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Stanford University and Black Coaching Success
Stanford and Black Coaching Success
By Kevin Martin
Special to BASN
As we wrap up the 2013-14 college football season, this is an excellent time to recognize a football program that has excelled at hiring black head football coaches.
We have to acknowledge Stanford University for its contribution to the success of black football coaches both at the college and the professional level. Also, Northwestern should be noted for having hired two black head coaches, Dennis Green and Francis Peay.
Stanford stands out because it has had the most black head coaches of any Division I football program. With three black head coaching hires, Stanford exceeds or matches most other FBS conferences! Also, Stanford black head football coaches have been the most successful in terms of both win-loss records and their ability to move to other jobs.
Out of 25 football seasons since 1989, a black coach has been the head of the Stanford football program an amazing 13 seasons or 52% of the time! These coaches include:
Dennis Green 3 seasons 1989-1991 Overall record of 16-18
Tyrone Willingham 7 seasons 1995 – 2001 Overall record of 46-36-1
David Shaw 2 seasons 2011- Overall record of 34-7
Why has Stanford continued to hire black football coaches? A key factor is that black football coaches at Stanford have won. Their overall record is 96-61-1 compared to a record of 79-85-1 for the other coaches during the same time frame. Now, records can be deceiving and sports success is cyclical, but there is no doubt that the black head coaches hired at Stanford have taken advantage of their opportunities.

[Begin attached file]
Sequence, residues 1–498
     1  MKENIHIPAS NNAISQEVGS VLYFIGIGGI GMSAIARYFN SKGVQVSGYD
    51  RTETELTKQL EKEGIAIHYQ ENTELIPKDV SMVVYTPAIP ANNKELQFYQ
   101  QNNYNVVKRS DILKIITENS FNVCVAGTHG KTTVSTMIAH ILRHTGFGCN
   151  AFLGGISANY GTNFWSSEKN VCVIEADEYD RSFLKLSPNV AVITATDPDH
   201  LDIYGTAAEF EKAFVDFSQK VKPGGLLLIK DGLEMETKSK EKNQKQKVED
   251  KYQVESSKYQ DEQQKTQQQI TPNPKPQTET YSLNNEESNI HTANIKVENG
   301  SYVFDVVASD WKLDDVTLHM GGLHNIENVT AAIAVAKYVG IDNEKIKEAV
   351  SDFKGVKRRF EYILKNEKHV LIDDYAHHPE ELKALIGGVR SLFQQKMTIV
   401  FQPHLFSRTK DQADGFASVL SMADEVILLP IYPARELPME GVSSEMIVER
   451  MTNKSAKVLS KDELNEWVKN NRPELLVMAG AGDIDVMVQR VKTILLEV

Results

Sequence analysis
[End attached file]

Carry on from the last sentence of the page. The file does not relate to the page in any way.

Moreover, the impact of these black coaches on future black coaching success has been almost immeasurable. The Dennis Green influence alone is amazing. When he was first hired at Northwestern, he was named Big 10 “Coach of the Year” in 1982. While at Stanford his team upset Top Ranked Notre Dame in 1990.
In 1991 he led Stanford to an 8-4 record, its best in years. This success allowed him to move into the professional ranks. As a professional, he became one of the most successful black coaches in the NFL and led the Philadelphia Eagles to a 15-1 record in 1998. His assistant coaches include none other than Tony Dungy the first black coach to win a Super Bowl.
Also, Jim Harbaugh the Stanford Football coach from 2007-2010 is reported to have studied Dennis Green’s power running approach (see “touchdown” Tommy Vardell”). Harbaugh of course is seen as the architect of Stanford’s current football success.
Ty Willingham had a 9-3 season at Stanford in his final year with the university. This success allowed him to be hired at Notre Dame after George O’Leary was forced to resign as a result of a resume issue. Willingham was named ESPN / Home Depot Coach of the Year in his first year at Notre Dame.
Stanford’s current black football coach David Shaw has surpassed all others. He was the first black coach to win a BCS bowl game. He has the best record of any black football coach in Division I history. Moreover, during David Shaw’s tenure, Stanford’s Offensive coordinator, Pep Hamilton, and the Defensive coordinator, Derek Mason, were also black. No other Division I team has ever had this situation.
What is even more noteworthy is that Shaw was handed the keys to the Cadillac at Stanford. He was hired to coach at a time when Stanford had an outstanding quarterback – Andrew Luck and tremendous talent at the linebacker and running back positions including Shane Skov, Chase Thomas, etc. From Shaw’s staff, Pep Hamilton has already moved on to the offensive coordinator role at the Indianapolis Colts. Shaw and Derek Mason are constantly being mentioned as candidates for other coaching opportunities.
Black Athlete Sports Network leads the way in highlighting the struggles of black coaches. Hopefully, the hiring and success of David Shaw will lead other programs to consider black coaches when openings occur.
Kevin Martin is an Executive Recruiter and a former technology entrepreneur. He can be reached at firstname.lastname@example.org.